Equitable and Regenerative Cities

Migration to urban centers across Texas continues at a breakneck pace, placing immense strain on systems such as water, housing, transportation, and energy while exacerbating inequality. Part of the solution to this is to build more regenerative cities, or places that diversify economies, reduce waste, prevent toxicity, and rebuild natural systems by keeping products and materials in use longer. Just as important as using these circular economy principles will be engaging with communities to make these changes equitably. In this project, a team will work with the City of Austin and residents to design community resilience hubs where people can go during disasters. The design will consider factors like green infrastructure, water conservation, solar or wind energy, and local food production, and they will serve as a model that can be implemented across Austin Texas to help reduce resource use, minimize pollution, and regenerate ecosystems.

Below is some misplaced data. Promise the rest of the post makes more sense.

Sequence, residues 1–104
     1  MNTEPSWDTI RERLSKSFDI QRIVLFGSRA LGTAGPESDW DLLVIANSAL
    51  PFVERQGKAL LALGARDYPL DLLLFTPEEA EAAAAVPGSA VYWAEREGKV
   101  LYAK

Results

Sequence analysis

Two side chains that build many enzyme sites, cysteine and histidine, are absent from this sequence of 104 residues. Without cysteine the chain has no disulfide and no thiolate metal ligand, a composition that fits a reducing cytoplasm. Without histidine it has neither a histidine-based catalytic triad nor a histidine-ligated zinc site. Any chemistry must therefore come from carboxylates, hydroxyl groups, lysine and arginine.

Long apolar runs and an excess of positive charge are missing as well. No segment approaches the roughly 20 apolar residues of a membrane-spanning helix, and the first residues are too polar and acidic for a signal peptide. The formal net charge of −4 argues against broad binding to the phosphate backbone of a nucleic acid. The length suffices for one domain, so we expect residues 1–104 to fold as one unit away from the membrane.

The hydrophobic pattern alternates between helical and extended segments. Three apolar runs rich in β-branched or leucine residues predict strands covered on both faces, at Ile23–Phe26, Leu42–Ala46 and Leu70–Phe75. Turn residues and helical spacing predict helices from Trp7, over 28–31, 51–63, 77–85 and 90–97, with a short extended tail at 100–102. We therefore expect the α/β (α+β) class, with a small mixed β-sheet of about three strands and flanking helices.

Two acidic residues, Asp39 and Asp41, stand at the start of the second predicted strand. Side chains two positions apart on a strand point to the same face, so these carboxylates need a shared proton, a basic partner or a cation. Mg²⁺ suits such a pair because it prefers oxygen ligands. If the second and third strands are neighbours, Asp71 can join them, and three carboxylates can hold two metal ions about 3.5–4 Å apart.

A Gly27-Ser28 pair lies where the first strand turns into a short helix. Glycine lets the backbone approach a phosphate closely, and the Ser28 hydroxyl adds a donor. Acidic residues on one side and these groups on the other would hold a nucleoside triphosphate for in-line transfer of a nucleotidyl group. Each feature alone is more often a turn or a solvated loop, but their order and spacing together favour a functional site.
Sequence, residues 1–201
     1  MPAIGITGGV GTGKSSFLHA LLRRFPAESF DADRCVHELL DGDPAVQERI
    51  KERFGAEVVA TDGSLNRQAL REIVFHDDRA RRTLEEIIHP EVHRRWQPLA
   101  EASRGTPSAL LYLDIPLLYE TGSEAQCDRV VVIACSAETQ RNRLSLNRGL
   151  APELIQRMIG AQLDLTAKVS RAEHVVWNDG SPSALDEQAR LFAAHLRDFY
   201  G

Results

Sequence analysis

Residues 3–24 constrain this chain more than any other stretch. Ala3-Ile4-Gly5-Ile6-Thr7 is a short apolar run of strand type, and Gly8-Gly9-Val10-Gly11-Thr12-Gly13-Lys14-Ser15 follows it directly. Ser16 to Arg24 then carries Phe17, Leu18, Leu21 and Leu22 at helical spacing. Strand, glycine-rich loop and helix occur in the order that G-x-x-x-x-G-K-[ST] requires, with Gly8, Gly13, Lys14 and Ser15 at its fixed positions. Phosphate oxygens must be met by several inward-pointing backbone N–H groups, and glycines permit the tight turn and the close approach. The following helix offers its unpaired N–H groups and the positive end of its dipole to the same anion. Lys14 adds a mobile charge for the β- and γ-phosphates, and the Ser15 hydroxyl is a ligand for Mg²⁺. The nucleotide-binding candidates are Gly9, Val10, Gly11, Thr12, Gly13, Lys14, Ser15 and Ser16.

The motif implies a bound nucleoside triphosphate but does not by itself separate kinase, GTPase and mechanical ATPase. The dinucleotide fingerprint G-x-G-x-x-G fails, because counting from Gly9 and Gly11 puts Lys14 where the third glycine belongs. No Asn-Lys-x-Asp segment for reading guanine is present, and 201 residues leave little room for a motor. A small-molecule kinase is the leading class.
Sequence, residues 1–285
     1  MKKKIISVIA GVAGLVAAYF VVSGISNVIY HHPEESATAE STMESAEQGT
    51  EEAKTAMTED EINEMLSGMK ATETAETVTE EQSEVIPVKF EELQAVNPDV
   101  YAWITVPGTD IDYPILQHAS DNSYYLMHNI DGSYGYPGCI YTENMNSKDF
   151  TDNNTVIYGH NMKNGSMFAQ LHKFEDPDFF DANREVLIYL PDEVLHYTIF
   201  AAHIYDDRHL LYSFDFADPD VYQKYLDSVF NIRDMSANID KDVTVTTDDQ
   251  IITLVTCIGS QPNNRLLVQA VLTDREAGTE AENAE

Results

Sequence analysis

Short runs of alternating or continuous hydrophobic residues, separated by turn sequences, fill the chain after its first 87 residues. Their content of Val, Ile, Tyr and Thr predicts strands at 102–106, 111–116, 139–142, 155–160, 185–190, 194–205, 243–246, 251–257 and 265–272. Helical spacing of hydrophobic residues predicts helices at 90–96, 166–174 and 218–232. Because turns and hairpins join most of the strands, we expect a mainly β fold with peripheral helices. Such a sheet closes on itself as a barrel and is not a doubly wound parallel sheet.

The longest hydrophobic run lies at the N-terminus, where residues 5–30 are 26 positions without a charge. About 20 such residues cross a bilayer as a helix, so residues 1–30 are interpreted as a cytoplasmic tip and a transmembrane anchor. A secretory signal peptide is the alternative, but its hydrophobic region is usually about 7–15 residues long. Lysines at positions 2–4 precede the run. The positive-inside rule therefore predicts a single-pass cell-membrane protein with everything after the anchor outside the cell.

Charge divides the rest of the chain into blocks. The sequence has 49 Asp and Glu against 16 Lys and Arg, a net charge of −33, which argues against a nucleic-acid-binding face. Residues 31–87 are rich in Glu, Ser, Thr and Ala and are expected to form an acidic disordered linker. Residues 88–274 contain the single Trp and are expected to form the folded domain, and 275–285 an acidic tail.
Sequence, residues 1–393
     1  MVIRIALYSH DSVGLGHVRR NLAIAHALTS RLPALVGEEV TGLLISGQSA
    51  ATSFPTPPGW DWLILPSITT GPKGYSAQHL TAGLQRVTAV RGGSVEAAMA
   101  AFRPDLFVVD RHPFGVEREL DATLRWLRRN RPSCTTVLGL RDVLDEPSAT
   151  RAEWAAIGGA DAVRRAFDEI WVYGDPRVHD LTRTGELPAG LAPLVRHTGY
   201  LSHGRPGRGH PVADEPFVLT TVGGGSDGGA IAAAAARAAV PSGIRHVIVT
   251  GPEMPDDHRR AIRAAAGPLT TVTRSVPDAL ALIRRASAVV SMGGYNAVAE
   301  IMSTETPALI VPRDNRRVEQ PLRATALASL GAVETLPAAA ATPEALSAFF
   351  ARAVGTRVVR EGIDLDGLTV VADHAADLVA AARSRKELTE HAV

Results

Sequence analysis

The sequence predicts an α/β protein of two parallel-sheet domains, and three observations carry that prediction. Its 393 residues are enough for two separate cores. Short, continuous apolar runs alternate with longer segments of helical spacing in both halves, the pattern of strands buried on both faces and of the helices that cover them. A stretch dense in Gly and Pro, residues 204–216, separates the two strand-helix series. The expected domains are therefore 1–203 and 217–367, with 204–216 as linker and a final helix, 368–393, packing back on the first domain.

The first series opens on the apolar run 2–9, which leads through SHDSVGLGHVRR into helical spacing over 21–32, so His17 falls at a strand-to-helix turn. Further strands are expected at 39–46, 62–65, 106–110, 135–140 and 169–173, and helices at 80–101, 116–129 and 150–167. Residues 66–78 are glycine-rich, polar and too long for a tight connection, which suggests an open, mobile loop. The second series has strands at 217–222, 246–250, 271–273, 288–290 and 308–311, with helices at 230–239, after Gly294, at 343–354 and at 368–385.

Team Members

Katherine Lieberknecht
Lucy Atkinson
Public Relations and Advertising


Oct. 13, 2022
Community-Centered Research and Environmental Planning in Beaumont, Texas
Assistant Professor Katherine Lieberknecht is among a team of researchers who received $17M from the Department of Energy to establish a research center to study the impacts of flooding and air pollution in Beaumont.